A quick search online lead us to Steakland in Sannomiya for some affordable Kobe Beef in the Japanese teppanyaki style. The restaurant is divided into several floors, and was pretty packed during lunch, but we managed to get a seat by the teppanyaki table. There were so many sets of Kobe beef and normal beef to choose from the menu — but I finally ordered the 160g Special Kobe Beef Tenderloin Steak Set for JP¥7,980 (US$75), with salad, soup, rice, vegetables and coffee. Prices for Kobe beef in Steakland starts from at least JP¥3,180 (US$30) per set. It was exciting as the chef showed us our raw beef cut, and proceeded to cook it in front of us. To me, the Kobe beef was melt-in-your-mouth heavenly… and I wished I had more.
After a fantastic lunch, it was time to roam around the city. The bustling Sannomiya is filled with shops, restaurants and office buildings; which leads up to Kobe’s Chinatown, known locally as Nankinmachi. I just love how everywhere I go, there always seem to be a Chinatown in the city, and it looks the same in every country — red signboards, red lanterns, red roofs; and sell pretty much typical Chinese street food like steam buns, dumplings, hanging meat and (cause we’re in Japan) ramen.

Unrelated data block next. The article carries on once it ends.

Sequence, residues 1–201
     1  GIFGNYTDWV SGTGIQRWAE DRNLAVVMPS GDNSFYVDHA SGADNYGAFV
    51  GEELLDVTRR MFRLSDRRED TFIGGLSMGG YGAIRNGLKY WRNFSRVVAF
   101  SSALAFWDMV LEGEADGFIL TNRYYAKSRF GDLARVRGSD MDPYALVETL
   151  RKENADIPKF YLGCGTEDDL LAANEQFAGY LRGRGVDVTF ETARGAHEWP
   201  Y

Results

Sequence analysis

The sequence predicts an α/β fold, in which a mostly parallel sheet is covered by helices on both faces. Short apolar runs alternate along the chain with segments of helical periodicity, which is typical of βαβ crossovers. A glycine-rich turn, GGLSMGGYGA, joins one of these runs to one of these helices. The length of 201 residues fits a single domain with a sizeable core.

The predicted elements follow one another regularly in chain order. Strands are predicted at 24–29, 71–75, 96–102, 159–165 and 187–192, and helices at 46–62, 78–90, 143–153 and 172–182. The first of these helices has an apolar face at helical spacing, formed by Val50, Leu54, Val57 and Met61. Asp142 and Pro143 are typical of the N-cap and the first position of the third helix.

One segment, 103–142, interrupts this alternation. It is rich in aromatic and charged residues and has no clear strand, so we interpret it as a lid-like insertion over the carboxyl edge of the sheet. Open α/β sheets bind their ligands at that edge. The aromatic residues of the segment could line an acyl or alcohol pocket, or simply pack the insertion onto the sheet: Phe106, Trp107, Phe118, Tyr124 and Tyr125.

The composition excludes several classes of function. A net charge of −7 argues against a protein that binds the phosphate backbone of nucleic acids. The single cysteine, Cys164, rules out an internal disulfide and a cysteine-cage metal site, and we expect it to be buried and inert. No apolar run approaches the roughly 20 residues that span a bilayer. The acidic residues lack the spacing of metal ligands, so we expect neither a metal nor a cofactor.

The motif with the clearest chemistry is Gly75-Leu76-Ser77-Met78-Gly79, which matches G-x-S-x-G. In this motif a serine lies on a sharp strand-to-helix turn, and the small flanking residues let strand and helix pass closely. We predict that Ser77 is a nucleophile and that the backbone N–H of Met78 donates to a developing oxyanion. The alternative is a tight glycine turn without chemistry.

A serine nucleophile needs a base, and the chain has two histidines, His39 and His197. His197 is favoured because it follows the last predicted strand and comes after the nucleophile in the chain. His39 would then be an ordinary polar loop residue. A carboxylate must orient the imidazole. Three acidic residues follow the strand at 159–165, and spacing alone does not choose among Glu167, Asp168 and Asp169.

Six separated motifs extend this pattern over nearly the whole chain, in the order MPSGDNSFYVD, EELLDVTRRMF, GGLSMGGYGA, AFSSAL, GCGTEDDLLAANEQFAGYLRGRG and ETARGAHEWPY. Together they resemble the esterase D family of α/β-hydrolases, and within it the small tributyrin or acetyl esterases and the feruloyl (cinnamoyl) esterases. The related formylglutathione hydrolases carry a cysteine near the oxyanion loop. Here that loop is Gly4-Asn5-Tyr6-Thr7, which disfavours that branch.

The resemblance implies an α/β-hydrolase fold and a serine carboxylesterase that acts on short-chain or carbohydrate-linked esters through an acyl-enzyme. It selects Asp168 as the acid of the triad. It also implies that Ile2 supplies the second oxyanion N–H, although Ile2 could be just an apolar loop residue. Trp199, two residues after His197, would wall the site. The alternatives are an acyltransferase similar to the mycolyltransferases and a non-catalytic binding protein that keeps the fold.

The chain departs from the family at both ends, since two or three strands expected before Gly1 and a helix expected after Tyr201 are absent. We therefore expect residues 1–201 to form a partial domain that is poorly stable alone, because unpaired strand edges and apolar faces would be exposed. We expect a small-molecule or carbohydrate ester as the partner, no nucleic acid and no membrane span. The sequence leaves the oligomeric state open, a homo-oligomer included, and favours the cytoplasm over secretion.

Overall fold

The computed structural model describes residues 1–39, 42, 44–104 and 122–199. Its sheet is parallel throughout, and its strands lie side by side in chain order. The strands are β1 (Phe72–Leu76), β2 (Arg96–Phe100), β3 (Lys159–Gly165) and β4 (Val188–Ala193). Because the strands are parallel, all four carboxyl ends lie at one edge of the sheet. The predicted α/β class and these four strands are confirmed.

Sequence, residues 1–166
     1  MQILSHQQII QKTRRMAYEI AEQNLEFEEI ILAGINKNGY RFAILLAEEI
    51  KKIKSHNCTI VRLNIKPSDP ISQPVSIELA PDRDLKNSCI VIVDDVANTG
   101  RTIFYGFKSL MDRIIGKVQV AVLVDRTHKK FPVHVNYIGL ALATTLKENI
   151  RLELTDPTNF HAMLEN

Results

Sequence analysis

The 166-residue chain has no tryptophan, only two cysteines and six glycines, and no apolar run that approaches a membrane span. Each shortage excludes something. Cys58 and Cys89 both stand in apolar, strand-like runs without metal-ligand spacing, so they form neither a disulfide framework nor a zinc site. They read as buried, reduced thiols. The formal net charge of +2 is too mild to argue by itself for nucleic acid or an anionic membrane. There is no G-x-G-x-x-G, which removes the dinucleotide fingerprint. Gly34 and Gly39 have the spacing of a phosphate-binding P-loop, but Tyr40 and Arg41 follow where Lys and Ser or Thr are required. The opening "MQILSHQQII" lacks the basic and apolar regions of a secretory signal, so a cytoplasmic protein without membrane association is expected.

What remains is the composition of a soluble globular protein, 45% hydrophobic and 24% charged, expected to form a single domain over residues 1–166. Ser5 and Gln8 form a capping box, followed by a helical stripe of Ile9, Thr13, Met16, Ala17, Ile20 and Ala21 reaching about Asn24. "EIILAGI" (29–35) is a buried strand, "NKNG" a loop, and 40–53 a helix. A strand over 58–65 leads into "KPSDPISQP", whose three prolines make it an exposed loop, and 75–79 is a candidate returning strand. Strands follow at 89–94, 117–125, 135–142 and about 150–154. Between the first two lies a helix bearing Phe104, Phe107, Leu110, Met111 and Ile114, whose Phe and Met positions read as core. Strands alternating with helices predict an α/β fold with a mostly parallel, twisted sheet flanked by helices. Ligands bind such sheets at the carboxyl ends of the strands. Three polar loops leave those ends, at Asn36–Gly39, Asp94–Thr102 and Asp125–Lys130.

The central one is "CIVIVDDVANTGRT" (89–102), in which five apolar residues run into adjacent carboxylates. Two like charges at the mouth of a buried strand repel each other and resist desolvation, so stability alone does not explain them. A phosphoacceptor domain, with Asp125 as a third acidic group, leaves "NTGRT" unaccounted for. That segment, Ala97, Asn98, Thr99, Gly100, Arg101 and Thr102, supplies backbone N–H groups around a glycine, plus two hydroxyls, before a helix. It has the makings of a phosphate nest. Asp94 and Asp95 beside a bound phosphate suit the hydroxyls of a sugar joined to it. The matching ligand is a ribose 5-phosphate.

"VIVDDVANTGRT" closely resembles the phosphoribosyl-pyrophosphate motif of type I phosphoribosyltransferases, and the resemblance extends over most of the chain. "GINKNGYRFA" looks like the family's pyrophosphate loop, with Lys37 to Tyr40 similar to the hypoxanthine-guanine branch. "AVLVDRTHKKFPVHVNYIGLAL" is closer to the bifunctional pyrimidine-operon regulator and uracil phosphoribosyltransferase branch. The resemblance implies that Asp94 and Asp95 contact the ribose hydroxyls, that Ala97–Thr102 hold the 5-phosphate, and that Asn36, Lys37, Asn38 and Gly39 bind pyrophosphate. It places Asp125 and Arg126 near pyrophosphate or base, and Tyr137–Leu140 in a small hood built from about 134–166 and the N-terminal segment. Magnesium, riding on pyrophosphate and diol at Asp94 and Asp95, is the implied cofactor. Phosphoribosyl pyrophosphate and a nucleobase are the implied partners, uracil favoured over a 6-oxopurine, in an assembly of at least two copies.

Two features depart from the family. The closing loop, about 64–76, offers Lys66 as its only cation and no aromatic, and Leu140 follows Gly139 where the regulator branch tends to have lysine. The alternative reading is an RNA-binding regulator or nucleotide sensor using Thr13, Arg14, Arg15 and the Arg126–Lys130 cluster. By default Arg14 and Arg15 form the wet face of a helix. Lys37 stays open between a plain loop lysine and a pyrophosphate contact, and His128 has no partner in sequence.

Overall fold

It started drizzling during our walk around Sannomiya and Chinatown, so we had to find shelter in some of the shops (and took the opportunity for some souvenir shopping)!
The rain continued throughout the afternoon, so we decided to brave the cold and head to Meriken Park — cause we only had a day to see Kobe! The park is situated along Kobe’s waterfront and offers lovely views of the sea and the port; and is home to many of the city’s landmarks like the Maritime Museum and the Port Tower. If it wasn’t for the rain, it would have been lovely to stroll along the open spaces and grass lawns of the park. But despite the drizzle, we did it anyway, and walked towards the edge of the park for a picture with the “Be Kobe” sign.
Kobe Earthquake Memorial